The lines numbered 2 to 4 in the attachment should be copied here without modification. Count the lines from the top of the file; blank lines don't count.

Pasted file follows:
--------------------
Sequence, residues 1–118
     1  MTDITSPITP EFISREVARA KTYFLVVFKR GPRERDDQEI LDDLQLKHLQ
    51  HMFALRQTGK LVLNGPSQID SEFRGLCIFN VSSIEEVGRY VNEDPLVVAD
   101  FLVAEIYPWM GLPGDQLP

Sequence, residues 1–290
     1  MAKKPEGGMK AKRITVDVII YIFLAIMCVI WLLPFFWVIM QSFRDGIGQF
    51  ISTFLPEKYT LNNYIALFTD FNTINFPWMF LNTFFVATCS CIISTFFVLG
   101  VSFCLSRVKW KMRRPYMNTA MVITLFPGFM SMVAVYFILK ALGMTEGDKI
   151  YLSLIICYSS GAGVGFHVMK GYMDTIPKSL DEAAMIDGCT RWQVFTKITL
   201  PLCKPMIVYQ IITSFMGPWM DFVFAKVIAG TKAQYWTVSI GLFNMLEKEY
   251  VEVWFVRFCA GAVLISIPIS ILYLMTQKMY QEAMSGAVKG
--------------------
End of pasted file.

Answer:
     1  MTDITSPITP EFISREVARA KTYFLVVFKR GPRERDDQEI LDDLQLKHLQ
    51  HMFALRQTGK LVLNGPSQID SEFRGLCIFN VSSIEEVGRY VNEDPLVVAD
   101  FLVAEIYPWM GLPGDQLP